So, we’re seeking to balance the availability of new technologies with the solemnity and dignity of worship and evangelism (1 Corinthians 14:40). We are tasked with presenting the gospel to a generation raised with game consoles and flashy television programs. Without sacrificing the essential gravity of the gospel, we face the challenge of being heard over the din of the Wii and the iPod.

Where Paul was concerned with sympathy for the Jew, the lawful, the lawless and the weak, we must apply ourselves to reaching Generation Y and Generation Next by presenting the gospel as relevant, urgent and useful, “as it holds promise for the present life and also for the life to come” (1 Timothy 4:8). Paul wrote, “I have become all things to all people, that by all means I might save some. I do it all for the sake of the gospel, that I may share with them in its blessings (1 Corinthians 9:21-23).

While we cannot afford to be left behind technologically, neither can we afford to go beyond the will of Christ or cheapen the Bible’s truths. This is one technological challenge the scientists won’t be able to solve for us.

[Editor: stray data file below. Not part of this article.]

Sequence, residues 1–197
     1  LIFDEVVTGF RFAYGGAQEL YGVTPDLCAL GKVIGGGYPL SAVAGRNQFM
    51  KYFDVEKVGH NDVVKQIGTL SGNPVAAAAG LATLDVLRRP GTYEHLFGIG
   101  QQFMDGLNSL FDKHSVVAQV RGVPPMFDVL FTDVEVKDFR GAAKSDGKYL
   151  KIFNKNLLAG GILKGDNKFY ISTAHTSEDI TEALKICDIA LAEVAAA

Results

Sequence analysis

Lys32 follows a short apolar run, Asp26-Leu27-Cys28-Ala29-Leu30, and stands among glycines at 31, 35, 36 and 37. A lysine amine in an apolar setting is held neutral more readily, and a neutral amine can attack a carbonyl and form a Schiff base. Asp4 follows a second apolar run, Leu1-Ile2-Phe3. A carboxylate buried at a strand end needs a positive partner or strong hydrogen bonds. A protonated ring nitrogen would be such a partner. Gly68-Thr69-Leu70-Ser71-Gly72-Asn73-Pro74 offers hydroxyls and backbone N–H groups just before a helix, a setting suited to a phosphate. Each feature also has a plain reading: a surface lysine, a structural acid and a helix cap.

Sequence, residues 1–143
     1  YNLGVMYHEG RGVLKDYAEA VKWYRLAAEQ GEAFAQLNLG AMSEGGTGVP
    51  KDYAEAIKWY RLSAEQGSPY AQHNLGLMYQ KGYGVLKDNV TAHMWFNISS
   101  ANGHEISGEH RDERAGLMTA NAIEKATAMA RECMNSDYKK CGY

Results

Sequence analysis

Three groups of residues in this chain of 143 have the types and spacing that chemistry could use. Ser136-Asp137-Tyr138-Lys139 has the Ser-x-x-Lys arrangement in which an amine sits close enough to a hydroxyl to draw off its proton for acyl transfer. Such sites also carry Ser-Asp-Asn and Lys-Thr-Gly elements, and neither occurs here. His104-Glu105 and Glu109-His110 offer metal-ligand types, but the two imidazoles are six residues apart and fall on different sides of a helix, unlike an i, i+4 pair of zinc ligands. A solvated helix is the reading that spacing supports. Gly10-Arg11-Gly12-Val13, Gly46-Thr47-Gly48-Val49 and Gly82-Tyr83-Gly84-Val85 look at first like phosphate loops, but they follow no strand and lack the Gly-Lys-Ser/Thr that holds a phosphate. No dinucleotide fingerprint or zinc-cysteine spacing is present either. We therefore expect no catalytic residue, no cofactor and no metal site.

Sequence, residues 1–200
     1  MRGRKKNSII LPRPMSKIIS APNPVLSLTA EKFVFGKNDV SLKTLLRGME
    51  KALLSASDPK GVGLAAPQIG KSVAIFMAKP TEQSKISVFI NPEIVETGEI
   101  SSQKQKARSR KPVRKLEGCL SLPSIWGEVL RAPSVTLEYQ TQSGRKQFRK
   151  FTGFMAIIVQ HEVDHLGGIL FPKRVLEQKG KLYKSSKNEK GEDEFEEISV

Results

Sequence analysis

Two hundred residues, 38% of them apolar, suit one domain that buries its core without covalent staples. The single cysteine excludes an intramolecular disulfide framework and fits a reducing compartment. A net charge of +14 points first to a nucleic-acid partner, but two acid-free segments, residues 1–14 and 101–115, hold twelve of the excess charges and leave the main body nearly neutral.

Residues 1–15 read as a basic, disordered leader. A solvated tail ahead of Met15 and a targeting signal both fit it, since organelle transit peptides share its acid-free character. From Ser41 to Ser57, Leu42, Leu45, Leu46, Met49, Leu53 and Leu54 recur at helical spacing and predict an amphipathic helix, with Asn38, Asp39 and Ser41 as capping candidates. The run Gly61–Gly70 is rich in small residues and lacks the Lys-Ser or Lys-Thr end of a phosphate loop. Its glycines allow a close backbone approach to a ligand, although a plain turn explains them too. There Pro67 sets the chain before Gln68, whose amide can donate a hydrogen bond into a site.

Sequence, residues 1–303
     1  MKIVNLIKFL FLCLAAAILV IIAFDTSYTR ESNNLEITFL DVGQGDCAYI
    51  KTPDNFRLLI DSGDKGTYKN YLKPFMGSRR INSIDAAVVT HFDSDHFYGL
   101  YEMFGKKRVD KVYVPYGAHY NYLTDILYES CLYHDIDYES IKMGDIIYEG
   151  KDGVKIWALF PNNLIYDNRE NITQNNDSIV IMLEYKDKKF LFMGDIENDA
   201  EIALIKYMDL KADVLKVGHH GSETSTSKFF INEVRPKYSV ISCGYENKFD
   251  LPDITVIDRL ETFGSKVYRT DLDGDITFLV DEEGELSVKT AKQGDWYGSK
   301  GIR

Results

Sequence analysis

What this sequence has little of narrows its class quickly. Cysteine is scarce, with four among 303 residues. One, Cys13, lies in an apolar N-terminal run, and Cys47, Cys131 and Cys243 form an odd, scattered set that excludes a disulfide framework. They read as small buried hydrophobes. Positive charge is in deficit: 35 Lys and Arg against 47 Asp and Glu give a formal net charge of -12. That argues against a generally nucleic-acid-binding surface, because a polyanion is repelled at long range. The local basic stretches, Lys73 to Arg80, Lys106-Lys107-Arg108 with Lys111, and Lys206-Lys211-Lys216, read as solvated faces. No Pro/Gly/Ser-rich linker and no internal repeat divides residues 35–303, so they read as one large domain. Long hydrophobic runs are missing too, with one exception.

Footnote: There are pros and cons in all of this. Feel free to list them.

Unknown/Christians Together, 17/12/2010

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Phil Maclean (Guest) 19/12/2010 09:59
Paul, you have mentioned one of the serious problems of our age - dependence on technology. Perhaps a power failure or two on a few Sunday mornings would help us to cope without it. Or would we just lock up our buildings and go home.

A major problem is the extend to which Christians no longer carry their Bibles to church and merely read verses off a screen. (I wonder what the Bereans would htink of that?)
Penny Lee 19/12/2010 10:44
I think we need to stop feeling guilty about using modern technology. We have to keep up with advancements and use them to our advantage as regards spreading the gospel. There will always be negative ways to use such technology but that's not the fault of the technology itself and we shouldn't use that as an excuse for our own failings.

I recently bought my husband an eReader and have installed on it a Bible and daily readings. It's great to only have to take the one device rather than separate ones. God's Word is the same whether it's in an ancient Bible or a modern eReader.